Who likes scary movies? I haven’t watched one in years. I absolutely hate to be afraid.
The other day a preview came on TV for an upcoming horror flick. You know the kind—it includes a face mask and some ominously silent guy holding a knife over some girl’s head while sh screamed. Normally I’d turn that off faster than Tonya Harding can do a triple axel, but I surprised myself by thinking, “Why in the world is that girl running away? Why isn’t she running straight at that idiot? I’d kick the you-know-what out of him before I let him think I was afraid.”
That’s when I realized how ridiculous and fake the mask looked. It was nothing more than smoke and mirrors.
It made me think of the morning my husband had taken our dog for a walk in the fields. A turkey had run onto their path and started squawking at them. Ray said he had been so startled he ran, and our dog, who is a big chicken in general, ran right along with him. After being chased for a few seconds Ray realized what he was doing—he was running away from a turkey! So he turned around, waved his arms over his head and yelled, “Ahhhh!”. The turkey stopped, turned around, and flew off.
Ray said he laughed so hard he almost peed his pants. One, because he couldn’t believe a bird with a 20 pound belly could get in the air as fast as it did, and two, because he couldn’t believe, for the tiniest of moments, he had let his fear overtake him.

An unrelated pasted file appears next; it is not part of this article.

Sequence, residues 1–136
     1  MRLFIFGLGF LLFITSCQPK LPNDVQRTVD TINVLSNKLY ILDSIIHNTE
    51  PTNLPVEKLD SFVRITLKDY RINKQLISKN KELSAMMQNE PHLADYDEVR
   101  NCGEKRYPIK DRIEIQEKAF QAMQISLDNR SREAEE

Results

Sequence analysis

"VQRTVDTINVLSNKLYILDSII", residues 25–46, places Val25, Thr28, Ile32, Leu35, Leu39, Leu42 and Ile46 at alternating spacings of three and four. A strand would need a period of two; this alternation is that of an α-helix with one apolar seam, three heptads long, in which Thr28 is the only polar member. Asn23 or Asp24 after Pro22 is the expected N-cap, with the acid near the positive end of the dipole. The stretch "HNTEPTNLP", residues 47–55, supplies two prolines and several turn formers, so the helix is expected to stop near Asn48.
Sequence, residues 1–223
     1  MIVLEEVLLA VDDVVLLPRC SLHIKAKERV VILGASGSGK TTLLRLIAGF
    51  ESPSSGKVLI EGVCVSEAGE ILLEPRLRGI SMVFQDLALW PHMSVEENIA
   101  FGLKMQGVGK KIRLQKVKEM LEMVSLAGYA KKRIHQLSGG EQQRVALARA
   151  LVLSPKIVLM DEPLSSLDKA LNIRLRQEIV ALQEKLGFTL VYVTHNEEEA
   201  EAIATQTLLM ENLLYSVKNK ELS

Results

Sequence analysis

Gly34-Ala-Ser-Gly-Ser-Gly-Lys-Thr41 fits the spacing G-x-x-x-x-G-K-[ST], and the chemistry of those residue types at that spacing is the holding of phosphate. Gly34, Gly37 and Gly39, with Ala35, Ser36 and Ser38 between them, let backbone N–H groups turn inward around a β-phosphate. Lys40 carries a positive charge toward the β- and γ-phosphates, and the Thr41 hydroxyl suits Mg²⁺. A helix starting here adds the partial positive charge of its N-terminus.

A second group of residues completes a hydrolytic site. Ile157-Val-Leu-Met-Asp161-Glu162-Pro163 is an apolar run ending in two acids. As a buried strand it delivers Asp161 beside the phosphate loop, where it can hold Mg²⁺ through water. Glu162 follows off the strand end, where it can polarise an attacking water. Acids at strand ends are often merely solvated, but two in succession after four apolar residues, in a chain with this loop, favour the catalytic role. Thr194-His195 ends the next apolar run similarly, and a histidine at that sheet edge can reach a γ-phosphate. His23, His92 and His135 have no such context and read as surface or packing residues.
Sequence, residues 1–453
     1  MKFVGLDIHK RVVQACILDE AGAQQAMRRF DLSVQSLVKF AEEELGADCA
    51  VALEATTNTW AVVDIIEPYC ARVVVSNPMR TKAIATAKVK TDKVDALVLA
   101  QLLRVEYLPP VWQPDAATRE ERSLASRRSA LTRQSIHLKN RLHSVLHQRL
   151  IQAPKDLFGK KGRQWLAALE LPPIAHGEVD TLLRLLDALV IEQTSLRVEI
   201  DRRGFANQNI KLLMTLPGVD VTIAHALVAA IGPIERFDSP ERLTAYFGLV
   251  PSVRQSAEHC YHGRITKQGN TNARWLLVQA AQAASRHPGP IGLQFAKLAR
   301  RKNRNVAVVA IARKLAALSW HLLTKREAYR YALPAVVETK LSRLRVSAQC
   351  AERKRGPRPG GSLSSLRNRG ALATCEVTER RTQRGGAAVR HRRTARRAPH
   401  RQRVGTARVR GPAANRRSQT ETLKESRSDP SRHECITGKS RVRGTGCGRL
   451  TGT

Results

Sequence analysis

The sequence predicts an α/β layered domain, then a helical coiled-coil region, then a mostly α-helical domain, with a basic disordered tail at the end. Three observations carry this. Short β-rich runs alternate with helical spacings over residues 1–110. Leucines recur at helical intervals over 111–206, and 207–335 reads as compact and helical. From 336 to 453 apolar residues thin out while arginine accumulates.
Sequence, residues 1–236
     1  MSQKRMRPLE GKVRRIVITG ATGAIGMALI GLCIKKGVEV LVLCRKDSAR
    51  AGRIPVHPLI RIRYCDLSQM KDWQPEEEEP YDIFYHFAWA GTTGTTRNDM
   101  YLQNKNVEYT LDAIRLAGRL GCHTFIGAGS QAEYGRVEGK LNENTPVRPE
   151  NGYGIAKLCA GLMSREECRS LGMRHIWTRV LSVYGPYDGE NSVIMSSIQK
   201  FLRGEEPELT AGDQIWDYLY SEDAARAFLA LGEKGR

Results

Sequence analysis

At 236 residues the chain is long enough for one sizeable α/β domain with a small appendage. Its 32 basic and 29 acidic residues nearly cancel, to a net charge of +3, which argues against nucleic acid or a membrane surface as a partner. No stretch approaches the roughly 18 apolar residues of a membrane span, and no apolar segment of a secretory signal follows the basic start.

He had let his fear overtake him…
I recognized that I do this all the time, and not just when I watch scary movies. I get a thought that feels frightening and I allow it to overtake me. The thought can be as simple as “if I eat this I’ll get fat”, or as complex as “what if this dot on my arm is really melanoma and it spread to my lungs and I die and I have to leave my kids and what will they do without me and…”
Things go south fast once I latch onto these kinds of thoughts. I can lose myself for hours in made up scenarios.
There’s a wonderful children’s book that was on the NY Times best seller list for 18 weeks in 2017. It’s called “What To Do With A Problem”, by Kobi Yamada. It’s about a little boy who has a problem, and because he tries to avoid the problem it gets bigger and bigger, and he becomes more and more afraid of it. Soon his whole world appears dark and ominous. When he finally faces it, the problem disappears.
I find it brilliant that someone has addressed this topic for children. Maybe the kids who are taught not to run away from their fears will never be afraid of a monster under their bed. They’ll know that if one ever dares appear they’ll pummel it to death. And maybe, when they grow up, they’ll face all scary thoughts this way; knowing that they’re all just smoke and mirrors.